Some percentage of these sales gains will be sustained over time under the “new normal”. Even once we’re through the worst stage of the pandemic, will people feel comfortable dining out in close proximity to total strangers? It’s hard to know right now. What the evidence does show us though is Americans can – and do – like to cook and eat at home (bread baking and sales of yeast are off the charts, for example) but until now they just haven’t had or made the time to do it. This is contrary to much pre-Covid-19 analysis, which argued most Americans, especially millennials, simply don’t want to cook at home anymore. Will that behaviour continue? It’s uncertain but if the pandemic lasts for many more months it could provoke a behavioural change.

Stage four – the coronavirus recession

The fourth stage of change is the coronavirus recession, which most economists and forecasting services say is already here or will be soon.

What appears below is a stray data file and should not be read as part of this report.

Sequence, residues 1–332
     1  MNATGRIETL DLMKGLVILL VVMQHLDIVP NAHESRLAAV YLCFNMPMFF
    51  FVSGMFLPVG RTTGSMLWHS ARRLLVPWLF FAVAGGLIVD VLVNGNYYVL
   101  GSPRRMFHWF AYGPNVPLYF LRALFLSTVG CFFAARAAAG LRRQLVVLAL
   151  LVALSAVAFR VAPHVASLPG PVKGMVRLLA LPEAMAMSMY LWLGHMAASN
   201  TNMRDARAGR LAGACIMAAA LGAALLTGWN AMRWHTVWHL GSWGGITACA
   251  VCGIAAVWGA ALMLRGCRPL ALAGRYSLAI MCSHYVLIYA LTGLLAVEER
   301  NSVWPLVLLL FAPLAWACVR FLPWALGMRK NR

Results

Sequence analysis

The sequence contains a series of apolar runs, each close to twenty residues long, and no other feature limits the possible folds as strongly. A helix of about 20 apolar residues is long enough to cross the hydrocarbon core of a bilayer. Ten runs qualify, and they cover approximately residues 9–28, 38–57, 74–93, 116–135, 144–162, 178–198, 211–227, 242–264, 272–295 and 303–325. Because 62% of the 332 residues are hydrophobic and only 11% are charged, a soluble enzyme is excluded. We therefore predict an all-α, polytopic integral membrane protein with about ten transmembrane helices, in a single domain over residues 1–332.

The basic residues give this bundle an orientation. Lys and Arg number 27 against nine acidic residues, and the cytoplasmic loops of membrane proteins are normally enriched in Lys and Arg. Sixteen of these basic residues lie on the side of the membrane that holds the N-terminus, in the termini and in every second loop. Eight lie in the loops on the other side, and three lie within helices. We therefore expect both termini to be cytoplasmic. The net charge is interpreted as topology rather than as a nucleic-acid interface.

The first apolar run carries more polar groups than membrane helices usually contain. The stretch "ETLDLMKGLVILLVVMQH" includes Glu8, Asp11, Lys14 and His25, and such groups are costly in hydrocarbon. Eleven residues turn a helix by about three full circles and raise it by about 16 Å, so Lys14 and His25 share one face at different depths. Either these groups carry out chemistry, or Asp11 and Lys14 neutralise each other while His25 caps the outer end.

Morgan Stanley estimates for 2020, the global economy will contract 1.9%, while stressing its prediction is based on the virus peaking this month. If the virus peaks later, the investment bank is predicting a contraction of about 5% globally for 2020.

In the US, the rise in weekly jobless claims since the week of 16 March shows an unprecedented 16.8 million job losses in a matter of just three weeks. Unlike past recessions, the income and employment shocks are upfront and immediate, Moody’s Investors Service wrote in a new report last week. Moody’s predicts the US unemployment rate will surge in the second quarter to between 8.8% and 16.2%. It was under 4% just a little over a month ago.